New Orleans Physician to Head ONCKaren DeSalvo Led Post-Katrina Healthcare Efforts
The Department of Health and Human Services has named Karen DeSalvo, M.D. to head the Office of the National Coordinator for Health IT. DeSalvo, who currently serves as the City of New Orleans' health commissioner and senior health policy adviser to Mayor Mitch Landrieu, will join ONC on Jan. 13.
ONC, a unit of HHS, coordinates nationwide efforts to implement electronic health records as well as the secure electronic exchange of health information. It takes a lead role in developing guidelines for programs under the HITECH Act, including the EHR incentive program, often called the "meaningful use" program. That entails setting security and privacy requirements.
Since October, Jacob Reider, M.D., has been serving as acting national coordinator, filling in after the departure of Farzad Mostashari, M.D., and his principal deputy, David Muntz (see ONC Names Interim Leadership). Once DeSalvo joins ONC, Reider will return to his previous position as ONC's chief medical officer.
DeSalvo also served as president of the Louisiana Health Care Quality Forum, which operates Louisiana's statewide health information exchange and the state's regional extension center, which offers EHR implementation assistance. She was a member of the steering committee for the Crescent City Beacon Community.
The Beacon Community, supported by an ONC grant, has advanced several projects, including creating a new patient-centered care coordination system for the New Orleans area, which is enabled by the city's health information exchange.
While DeSalvo was at the Louisiana Health Care Quality Forum, which she helped launch, the security and privacy of patient data was "at the forefront" of state HIE development, says Brian Richmond, the forum's chief techology officer. "That included putting proper encryption in place for the transmission and storage of data, as well as physical security of patient records," he says.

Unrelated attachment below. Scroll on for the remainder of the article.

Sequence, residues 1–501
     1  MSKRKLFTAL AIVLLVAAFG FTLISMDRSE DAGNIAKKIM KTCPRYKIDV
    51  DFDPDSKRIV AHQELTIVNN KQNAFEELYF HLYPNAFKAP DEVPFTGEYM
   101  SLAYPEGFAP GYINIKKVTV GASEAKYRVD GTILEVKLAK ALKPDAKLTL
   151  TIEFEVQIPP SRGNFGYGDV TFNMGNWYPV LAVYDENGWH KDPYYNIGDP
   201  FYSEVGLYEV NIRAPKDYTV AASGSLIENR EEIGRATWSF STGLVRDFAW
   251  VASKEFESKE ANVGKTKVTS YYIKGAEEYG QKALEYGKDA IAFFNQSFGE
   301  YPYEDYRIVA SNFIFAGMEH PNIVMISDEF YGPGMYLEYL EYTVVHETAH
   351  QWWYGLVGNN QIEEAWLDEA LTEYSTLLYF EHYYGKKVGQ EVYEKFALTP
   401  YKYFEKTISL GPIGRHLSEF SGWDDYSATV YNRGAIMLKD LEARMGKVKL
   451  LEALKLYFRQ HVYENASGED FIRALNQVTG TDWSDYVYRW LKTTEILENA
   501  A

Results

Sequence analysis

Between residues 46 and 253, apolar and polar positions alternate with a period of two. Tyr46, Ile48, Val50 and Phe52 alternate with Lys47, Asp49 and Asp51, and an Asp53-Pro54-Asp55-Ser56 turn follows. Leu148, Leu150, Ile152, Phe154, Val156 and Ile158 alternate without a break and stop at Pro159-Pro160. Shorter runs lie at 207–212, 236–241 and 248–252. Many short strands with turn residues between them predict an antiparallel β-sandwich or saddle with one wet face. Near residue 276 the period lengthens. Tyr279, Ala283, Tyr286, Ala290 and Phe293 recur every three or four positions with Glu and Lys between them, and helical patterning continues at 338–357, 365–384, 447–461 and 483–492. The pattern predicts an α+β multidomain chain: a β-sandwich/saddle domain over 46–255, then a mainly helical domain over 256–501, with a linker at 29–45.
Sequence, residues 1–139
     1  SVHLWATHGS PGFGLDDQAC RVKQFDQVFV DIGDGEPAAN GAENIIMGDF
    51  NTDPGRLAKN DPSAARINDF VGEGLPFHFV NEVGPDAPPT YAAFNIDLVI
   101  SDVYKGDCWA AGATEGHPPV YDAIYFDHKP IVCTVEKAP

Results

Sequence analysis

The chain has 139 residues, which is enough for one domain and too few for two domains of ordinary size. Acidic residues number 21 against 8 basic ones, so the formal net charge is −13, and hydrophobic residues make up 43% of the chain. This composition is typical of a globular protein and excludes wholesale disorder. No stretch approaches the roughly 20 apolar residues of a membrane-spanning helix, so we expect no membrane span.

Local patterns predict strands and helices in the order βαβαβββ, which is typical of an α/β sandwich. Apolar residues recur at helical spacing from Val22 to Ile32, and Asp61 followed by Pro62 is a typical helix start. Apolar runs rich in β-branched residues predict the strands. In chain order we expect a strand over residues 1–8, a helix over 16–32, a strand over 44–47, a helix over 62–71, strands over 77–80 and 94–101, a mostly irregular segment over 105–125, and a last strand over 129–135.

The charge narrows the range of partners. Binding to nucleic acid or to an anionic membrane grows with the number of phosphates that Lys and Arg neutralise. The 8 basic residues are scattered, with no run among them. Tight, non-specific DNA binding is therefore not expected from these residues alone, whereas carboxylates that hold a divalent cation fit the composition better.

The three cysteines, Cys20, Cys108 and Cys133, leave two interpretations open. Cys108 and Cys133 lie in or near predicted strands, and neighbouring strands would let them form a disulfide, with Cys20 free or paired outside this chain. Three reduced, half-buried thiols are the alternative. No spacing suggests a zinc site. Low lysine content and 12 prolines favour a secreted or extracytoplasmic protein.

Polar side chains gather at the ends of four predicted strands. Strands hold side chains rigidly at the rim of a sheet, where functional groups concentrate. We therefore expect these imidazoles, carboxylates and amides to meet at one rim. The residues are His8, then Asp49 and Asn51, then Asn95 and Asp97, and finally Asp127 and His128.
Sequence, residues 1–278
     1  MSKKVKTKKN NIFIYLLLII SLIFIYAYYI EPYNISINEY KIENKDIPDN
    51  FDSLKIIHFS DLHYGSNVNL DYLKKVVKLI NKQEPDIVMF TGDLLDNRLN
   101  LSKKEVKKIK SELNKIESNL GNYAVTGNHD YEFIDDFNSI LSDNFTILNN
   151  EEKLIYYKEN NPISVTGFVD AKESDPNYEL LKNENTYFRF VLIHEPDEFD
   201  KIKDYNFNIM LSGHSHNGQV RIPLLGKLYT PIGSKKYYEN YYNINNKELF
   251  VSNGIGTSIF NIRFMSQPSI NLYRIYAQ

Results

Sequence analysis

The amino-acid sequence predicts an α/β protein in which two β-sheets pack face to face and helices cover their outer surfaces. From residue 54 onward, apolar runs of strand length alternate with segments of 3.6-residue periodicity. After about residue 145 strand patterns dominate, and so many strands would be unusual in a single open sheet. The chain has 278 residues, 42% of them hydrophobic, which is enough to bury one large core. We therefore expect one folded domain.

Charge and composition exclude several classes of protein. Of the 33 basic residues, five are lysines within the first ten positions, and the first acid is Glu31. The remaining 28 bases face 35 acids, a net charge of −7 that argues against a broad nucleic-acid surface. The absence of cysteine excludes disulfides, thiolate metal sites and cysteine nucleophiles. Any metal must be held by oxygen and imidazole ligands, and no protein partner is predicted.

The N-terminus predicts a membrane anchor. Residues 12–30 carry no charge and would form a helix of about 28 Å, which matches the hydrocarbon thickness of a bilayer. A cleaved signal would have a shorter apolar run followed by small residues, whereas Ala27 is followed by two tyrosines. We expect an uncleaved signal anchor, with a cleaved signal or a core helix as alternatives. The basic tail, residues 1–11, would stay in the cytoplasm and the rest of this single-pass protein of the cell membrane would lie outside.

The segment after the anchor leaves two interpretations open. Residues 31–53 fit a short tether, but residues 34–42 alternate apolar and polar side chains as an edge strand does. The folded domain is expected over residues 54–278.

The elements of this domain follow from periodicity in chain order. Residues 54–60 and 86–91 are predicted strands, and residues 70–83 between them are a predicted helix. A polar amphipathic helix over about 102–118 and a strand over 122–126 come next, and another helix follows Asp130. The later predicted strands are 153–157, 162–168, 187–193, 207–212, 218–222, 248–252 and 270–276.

Nadine Robin, the forum's HIT program manager, says she expects DeSalvo to bring her focus on using secure health IT to drive quality improvements in healthcare to her new post at ONC. "She will take her vision for HIT to the next level nationally," Robin says.
Reasons She Was Chosen
In an e-mail to staff announcing DeSalvo's appointment, HHS Secretary Kathleen Sebelius says DeSalvo's "hands-on experience with health delivery system reform and HIT and its potential to improve healthcare and public health will be invaluable assets to ONC."
Throughout her career, DeSalvo has advocated for "the increasing use of health IT to improve access to care, the quality of care, and overall population health outcomes, including efforts post-Hurricane Katrina to redesign the health system with HIT as a foundational element," Sebelius says.
During her tenure as New Orleans health commissioner, DeSalvo was "at the forefront of efforts to modernize the New Orleans healthcare system," Sebelius says. "Following Hurricane Katrina, for example, she led projects to increase access to care by augmenting the city's neighborhood-based medical homes for low income, uninsured and other vulnerable populations in the New Orleans area."